Environmental factors are also being put under the microscope. One study has stated that military personnel in the Gulf region during the 1991 war were more likely to develop Lou Gehrig’s disease than military personnel stationed anywhere else. The question is, could mechanical or electrical trauma, exposure to high levels of exercise, exposure to high levels of agricultural chemicals or heavy metals play a role?
With MS, we know it is immune-related, but we don’t know enough to cure it. Experts believe there is a genetic risk, but there are also environmental triggers at play. Some suggest that a lack of vitamin D may contribute to the cause while others have been looking into how infections, such as measles, herpes virus-6, and Epstein-Barr might be associated with MS. These types of infections have been known to cause nerve inflammation.
It’s important to note that when a person has been diagnosed with MS or ALS, there can be associated complications beyond the initial disease itself. For example, complications with ALS can include choking, malnutrition, pneumonia, and bed sores. With MS, complications range from urinary tract infections due to disruption in the bladder nerves to pneumonia, depression, osteoporosis, and pressure sores.
Getting a proper diagnosis followed by treatment can help prevent these complications from cropping up.
To figure out whether MS or ALS is at play, doctors can use an MRI to detect demyelination. Demyelination is the damage that surrounds nerve fibers in the brain and spinal cord. ALS demyelination begins much later – after nerves begin to die.
Essentially, in MS, loss of myelin coating of the nerve takes place first, followed by a loss of nerve function. With ALS, nerves are damaged for an unknown reason and then the damaged nerves lose their coating. The MRI is the best known way to tell the difference between the two diseases.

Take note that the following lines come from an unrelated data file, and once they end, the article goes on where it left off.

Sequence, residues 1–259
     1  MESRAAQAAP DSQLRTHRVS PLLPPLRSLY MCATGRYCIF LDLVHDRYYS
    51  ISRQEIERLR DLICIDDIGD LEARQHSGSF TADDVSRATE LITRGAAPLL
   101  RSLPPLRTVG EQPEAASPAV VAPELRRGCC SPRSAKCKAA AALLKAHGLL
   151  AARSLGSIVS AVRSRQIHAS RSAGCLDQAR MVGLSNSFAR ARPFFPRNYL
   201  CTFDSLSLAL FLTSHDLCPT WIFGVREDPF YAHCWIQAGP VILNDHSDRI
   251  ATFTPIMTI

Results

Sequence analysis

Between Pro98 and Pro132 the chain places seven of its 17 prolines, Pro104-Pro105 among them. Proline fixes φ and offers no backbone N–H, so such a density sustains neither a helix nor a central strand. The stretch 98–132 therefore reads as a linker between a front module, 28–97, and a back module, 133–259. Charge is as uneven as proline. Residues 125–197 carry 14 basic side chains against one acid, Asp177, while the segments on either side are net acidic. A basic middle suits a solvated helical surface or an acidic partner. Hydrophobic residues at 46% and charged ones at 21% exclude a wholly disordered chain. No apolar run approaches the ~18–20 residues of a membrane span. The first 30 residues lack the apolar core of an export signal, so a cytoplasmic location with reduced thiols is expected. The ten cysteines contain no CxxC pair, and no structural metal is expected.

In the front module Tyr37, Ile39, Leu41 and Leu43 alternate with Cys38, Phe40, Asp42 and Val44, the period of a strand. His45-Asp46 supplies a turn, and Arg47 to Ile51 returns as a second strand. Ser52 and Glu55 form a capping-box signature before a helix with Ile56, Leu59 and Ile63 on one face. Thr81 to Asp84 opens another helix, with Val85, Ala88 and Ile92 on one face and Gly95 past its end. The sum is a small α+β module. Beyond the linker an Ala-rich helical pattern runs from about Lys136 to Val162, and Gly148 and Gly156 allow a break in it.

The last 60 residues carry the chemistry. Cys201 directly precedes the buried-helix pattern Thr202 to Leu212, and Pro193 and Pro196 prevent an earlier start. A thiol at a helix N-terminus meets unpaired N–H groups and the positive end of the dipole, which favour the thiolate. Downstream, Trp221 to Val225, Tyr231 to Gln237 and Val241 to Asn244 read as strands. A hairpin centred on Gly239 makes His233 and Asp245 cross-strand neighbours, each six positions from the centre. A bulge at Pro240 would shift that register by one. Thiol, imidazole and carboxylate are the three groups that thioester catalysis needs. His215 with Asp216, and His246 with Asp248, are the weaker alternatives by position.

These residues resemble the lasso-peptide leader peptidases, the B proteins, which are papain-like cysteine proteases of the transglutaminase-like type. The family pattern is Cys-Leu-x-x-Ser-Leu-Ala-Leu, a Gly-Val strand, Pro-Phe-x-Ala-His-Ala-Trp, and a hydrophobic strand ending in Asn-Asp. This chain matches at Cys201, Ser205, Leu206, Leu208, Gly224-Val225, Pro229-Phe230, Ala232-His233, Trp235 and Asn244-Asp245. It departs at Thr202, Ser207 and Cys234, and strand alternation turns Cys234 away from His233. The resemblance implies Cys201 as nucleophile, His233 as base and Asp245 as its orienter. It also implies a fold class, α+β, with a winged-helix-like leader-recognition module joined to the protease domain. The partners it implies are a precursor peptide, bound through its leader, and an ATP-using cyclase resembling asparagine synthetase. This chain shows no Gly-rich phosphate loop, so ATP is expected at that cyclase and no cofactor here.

Beyond the MRI, signs and symptoms need to be closely observed so that doctors can properly diagnose patients. With MS, there are different levels of the disease. There is RRMS, or relapsing–remitting multiple sclerosis, which is a common form of the illness. It involves relapses that are followed by almost full recovery. Secondary progressive multiple sclerosis, or SPMS, is the second stage of RRMS, where the disease begins to progress after relapses. Primary progressive multiple sclerosis (PPMS) is a stage where neurological function starts to get worse and where remissions are minor. There is also progressive-relapsing multiple sclerosis (PRMS). There is no remission with this stage and the progression of the disease is steady.
With ALS, all patients eventually become unable to stand, walk, or move without assistance. Most develop difficulty chewing and swallowing. It usually begins to impact the hands and arms, as well as the feet and legs, but then spreads to other parts of the body.
Currently, treatment for multiple sclerosis vs. ALS is different. The Federal Drug Administration has approved effective treatment for people with a relapsing form of MS. Research is still being conducted on possible treatments for progressive forms of the disease. Meanwhile, lifestyle treatments, including stress reduction techniques, have been known to ease symptoms of MS. If a person suffers from multiple sclerosis, they are encouraged to stay as active as possible and to remain social, since both physical and social activity seem to bode well for those who suffer from the disease.
When it comes to ALS treatment, the focus is more on the complications, although the Mayo Clinic reports that the drug, riluzole (Rilutek) is an FDA-approved drug that seems to slow the progression of the disease. There are other drugs an ALS patient can take to help ease fatigue and pain associated with their condition. When breathing becomes difficult for ALS patients, devices to assist them can be resorted to.
Whether a person is diagnosed with MS or ALS, they need both medical support and moral support. Having family and friends who understand their disease, the associated implications and complications, is very important. In all cases, a patient will need all the emotional reassurance they can get.
Although there is no cure for either of these diseases, research, particularly in relation to MS, has been intense in the last few years, providing sufferers and their families with new hope that one day soon the mystery will be solved.
As for ALS, there are more researchers now than ever before working around the clock in search of a cure.